Knowledge and Use in Second Language

2016, June 29, 30 & 1st July
Linguistics Lab of Nantes & University of Nantes

In the field of Second Language Acquisition (SLA), where different conceptions of the human capacity for language exist, there is a consensus that several factors determine the uses of a second language. No matter what framework is used, there is a common understanding that both linguistic and non-linguistic knowledge such as cognitive or encyclopedic knowledge are solicited during the acquisition process. Are these components part of a preexisting linguistic system ? A linguistic system that is being built through acquisition ? Are they a metalinguistic, verbalizable knowledge of a target language or of languages varieties ? How do knowledge and language use correlate ? These issues are still being discussed today.

Knowledge in SLA can be defined as a set of cognitive dispositions that are partly modeled by the first language use and which enables the learner to understand and produce the target language in various contexts. The principles of informational organization in functionalist models (Watorek, Benazzo, Hickmann 2012) or statistical capacity and learning mechanism as put forward by emergentist models (Ellis 2006, 2012) are part of this global knowledge through which the learner approaches Second Language Acquisition. With this in mind, one may wonder whether emergence of, increase in, or loss of knowledge lead to a restructuring of the interlanguage.

Knowledge and use can also refer to two different types of linguistic knowledge: declarative or explicit knowledge, and procedural or implicit knowledge. Can declarative knowledge morph into procedural knowledge (Anderson 1990, DeKeyser 2007) or, since they result from two strictly distinct learning processes (Paradis 1994, 2009), are the two types of knowledge independent from each other ?

The stakes raised by the research on the interface between linguistic knowledge and language use are becoming a key issue in SL teaching. If a language is acquired through proceduralization of explicit knowledge, it entails that learning it hinges on a combination of proceduralization techniques that need to be defined. If on the other hand the development of declarative knowledge does not lead to the development of automatized SL use, this may require us to rethink several assumptions behind many institutional interventions as well as language teaching in its entirety.

In keeping with recent discussions (Hulstijn 2005, De Graff & Housen 2009, Han & Finneran 2014, Adringa & Rebuschat 2015), the conference intends to focus on knowledge and usage in SL as well as on different ways of conceiving the two notions and how they are related.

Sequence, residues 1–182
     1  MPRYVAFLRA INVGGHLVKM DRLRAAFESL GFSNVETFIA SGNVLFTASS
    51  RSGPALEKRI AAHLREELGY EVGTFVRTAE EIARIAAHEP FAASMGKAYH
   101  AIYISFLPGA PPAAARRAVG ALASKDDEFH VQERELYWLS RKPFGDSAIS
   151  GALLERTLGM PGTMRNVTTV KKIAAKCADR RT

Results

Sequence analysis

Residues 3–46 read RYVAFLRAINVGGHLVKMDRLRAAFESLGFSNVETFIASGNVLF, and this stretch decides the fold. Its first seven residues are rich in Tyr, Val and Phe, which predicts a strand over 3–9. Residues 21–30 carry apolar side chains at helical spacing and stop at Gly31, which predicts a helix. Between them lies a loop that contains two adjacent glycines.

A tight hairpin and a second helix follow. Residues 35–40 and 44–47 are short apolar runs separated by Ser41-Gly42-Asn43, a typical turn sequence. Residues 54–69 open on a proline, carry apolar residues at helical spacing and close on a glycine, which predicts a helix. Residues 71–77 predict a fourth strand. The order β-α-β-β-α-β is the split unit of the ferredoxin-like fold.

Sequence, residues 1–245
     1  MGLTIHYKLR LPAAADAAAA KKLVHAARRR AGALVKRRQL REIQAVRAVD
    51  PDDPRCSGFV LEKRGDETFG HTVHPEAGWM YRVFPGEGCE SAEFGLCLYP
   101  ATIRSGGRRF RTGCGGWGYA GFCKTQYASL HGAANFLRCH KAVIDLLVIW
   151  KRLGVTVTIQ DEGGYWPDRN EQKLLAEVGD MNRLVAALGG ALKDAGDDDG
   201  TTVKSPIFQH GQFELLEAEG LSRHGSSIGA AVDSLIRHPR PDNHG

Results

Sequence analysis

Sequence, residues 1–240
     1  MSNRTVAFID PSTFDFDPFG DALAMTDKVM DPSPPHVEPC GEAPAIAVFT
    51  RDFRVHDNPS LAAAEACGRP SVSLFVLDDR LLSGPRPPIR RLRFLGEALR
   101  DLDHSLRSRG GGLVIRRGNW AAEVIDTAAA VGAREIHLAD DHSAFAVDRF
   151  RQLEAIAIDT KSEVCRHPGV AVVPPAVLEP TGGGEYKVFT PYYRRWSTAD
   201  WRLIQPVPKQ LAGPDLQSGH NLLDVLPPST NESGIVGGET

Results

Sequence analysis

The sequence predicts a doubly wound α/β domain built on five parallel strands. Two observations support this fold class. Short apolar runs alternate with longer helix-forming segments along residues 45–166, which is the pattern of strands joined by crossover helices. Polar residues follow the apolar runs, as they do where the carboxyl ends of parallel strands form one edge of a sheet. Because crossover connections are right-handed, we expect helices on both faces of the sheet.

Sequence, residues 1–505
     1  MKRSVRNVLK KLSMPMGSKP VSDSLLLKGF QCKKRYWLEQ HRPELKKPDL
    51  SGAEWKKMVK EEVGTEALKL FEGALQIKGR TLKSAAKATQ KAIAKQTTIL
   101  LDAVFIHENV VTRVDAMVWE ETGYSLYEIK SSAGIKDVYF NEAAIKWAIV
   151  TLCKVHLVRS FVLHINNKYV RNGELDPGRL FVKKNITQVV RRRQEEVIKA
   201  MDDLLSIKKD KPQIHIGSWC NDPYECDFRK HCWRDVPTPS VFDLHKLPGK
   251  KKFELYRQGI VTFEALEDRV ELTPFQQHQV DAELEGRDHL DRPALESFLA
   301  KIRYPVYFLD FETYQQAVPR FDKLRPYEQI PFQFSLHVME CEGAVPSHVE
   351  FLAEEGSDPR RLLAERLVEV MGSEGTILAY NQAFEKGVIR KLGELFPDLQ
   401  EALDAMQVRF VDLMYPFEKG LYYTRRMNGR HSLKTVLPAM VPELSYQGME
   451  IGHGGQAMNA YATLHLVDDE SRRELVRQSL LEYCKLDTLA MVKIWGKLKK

The conference will accept papers presenting relevant research on SLA (including heritage languages) and focusing on the interface between knowledge and usage in SL. We welcome research findings proposing original methodologies to access speakers' knowledge and usage; research on poorly studied languages; contrastive studies on speakers that have been more or less exposed to explicit knowledge.


Adringa S. & P. Rebuschat. (2015). New Directions in the Study of Implicit and Explicit Learning. An introduction. Studies in Second Language Acquisition, Special Issue 02, 185-196.

Anderson, J. (1990). Cognitive psychology and its implications. New-York : W.H. Freeman.

DeKeyser R. (Ed.). (2007). Practice in a second language: Perspectives from applied linguistics and cognitive psychology. New York : Cambridge University Press.

De Graaff, R., & Housen, A. (2009). Investigating the Effects and Effictiveness of L2 Instruction. In M.H. Long & C.J. Doughty, The Handbook of Language Teaching (pp. 726-755). Oxford : Wiley-Blackwell.

Ellis N. C. (2006). Selective Attention and Transfer Phenomena in L2 Acquisition : Contingency, Cue, Competition, Salience, Interference, Overshadowing, Blocking, and Perceptual Learning. Applied Linguistics 27(2). 164-194.

Ellis, N. C. (2012). What can we count in language, and what counts in language acquisition, cognition, and use? In S. Th. Gries & D. S. Divjak (Eds.) Frequency effects in language learning and processing (Vol. 1). (pp. 7-34). Berlin: Mouton de Gruyter

Han, Z., & Finneran (2014). Re-engaging the interface debate : strong, weak none, or all ? International Journal of Applied Linguistics, 24(3), 370-389.

Hulstijn, J. (2005). Theoretical and empirical issues in the study of of implicit and explicit second language learning. Studies in Second Language Acquisition, 27(2), 129-140.

Paradis, M. (1994). Neurolinguistic Aspects of Implicit and Explicit Memory: Implications for Bilinguism and SLA. In N.C. Ellis. Implicit and Explicit learning of languages (pp. 393-416). Academic Press Ltd.

Paradis, M. (2009). Declarative and Procedural Determinants of Second Languages. Amsterdam : John Benjamin.

Watorek M., Benazzo S., Hickmann M. (éds) (2012). Comparative perspectives on language acquisition : A Tribute to Clive Perdue. Multilingual Matters.